It would now appear that the queen - old, new? - and a mob of bees have made off and are now hanging in a tree behind my neighbours garden. Hope they find somewhere safe. I presume that another queen has stayed behind in the nest as there are still a limited number of bees hanging around the entrance, but only a few.
The swarm hanging off a branch - its the downward pointed cone thingy in roughly the middle of the picture. The nest entrance is rounghly in a line directly under the swarm, between the roof timber and the top of the wall
Close up of the swarm
Edited By ChrisH on 31/05/2020 13:59:49
Earlier this morning masses of bees came out their nest in the wall of my shed, thousands of them, all flying in an area about 10-15m across. The noise was tremendous. Tried to film a video of them but they did not come out well against the background, the little flying bees seemed so indistinct. Can only assume it might have been a queen out flying for her nuptials, maybe a new queen? Not up on these things! Something was exciting them but, obviously.
Now an hour later, all is quiet again, with 4 perhaps 6 only bees buzzing around the entrance. Calmness reigns again!
Edited By ChrisH on 31/05/2020 11:53:03
Very interesting bee incident - magical even.
Found a huge, and I mean huge, bumble bee on the window cill in the conservatory last evening. It was still alive so I carefully relocated it to some flower plants outside. It was soon climbing very slowly around the flower head of a French Marigold.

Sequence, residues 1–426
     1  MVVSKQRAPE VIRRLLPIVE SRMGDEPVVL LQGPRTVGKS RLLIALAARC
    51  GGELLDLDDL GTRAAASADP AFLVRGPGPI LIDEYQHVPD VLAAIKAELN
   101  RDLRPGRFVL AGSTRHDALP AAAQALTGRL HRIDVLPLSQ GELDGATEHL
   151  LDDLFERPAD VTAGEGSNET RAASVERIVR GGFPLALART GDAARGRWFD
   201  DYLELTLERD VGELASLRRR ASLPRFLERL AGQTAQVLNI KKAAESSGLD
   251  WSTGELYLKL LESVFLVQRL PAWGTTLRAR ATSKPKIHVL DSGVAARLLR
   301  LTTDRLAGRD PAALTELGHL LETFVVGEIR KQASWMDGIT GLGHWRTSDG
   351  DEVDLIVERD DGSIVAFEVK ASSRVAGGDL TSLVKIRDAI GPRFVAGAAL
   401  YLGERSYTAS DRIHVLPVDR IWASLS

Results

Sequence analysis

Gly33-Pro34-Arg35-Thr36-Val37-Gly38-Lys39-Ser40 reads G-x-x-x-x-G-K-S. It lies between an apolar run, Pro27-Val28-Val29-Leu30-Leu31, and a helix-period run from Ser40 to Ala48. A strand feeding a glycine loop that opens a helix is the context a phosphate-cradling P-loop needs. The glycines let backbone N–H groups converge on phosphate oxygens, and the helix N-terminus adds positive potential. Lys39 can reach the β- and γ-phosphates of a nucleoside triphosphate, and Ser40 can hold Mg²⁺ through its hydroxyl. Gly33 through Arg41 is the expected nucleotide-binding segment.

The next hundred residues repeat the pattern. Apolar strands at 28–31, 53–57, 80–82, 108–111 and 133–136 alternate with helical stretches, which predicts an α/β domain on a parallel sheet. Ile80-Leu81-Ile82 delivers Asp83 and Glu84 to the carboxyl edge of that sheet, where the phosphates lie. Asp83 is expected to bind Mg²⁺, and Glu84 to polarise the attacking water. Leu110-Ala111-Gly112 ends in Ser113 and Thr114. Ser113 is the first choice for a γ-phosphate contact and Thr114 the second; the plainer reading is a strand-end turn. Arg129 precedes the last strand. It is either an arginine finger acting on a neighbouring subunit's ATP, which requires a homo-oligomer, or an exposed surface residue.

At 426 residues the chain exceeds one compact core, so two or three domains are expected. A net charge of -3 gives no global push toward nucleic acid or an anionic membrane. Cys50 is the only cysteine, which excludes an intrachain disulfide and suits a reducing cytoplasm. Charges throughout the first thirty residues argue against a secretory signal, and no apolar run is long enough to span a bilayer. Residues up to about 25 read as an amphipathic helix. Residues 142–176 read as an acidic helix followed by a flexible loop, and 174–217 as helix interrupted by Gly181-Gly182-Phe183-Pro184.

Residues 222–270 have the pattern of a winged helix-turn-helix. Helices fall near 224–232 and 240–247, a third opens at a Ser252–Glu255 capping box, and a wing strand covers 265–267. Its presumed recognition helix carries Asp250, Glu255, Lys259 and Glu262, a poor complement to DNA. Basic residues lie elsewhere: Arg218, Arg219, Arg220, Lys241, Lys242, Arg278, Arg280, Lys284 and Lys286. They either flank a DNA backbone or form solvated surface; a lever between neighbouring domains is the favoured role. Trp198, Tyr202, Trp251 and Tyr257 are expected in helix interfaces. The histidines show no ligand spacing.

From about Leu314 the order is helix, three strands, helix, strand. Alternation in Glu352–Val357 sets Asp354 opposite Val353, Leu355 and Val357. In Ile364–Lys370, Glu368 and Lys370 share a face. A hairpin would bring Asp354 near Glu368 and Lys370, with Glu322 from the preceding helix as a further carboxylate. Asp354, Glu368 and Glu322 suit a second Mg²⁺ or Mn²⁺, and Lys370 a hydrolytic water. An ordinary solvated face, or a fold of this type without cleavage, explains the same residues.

This morning it was still there, and still moving, very slowly. Thinking it might need some energy I mixed a little teaspoon, about a 1/4, of honey with some water, put it on a side plate, put the bee on the plate and watched. It wandered seemingly aimlessly about so I steered it towards the honey solution. Suddenly it realised what was in front of it, the head went down, out came a long what looked like two pronged vee thingy from it's mouth area and out of the bottom of which came a little tongue which lapped at the honey solution for a few minutes. Then satisfied, the prongs were withdraw, a sudden spurt of solution came out its rear end and it trundled off around the plate so I put it back on the marigold flower head. It stayed there for a while and then suddenly next time I looked it had gone .
Never seen the like of that before.
And, not to do with bees, but this morning a song thrush flew down into the garden. To be fair, it took one look at me and flew off again, but that is the first song thrush I've seen in England for years and years, decades even. Wish it would eat more of the snails which are eating my seedlings!
Clive - can you ID my bees for me from the photos I've posted?
Want the latest issue of Model Engineer or Model Engineers' Workshop? Use our magazine locator links to find your nearest stockist!
You can contact us by phone, mail or email about the magazines including becoming a contributor, submitting reader's letters or making queries about articles. You can also get in touch about this website, advertising or other general issues.
Click THIS LINK for full contact details.
For subscription issues please see THIS LINK.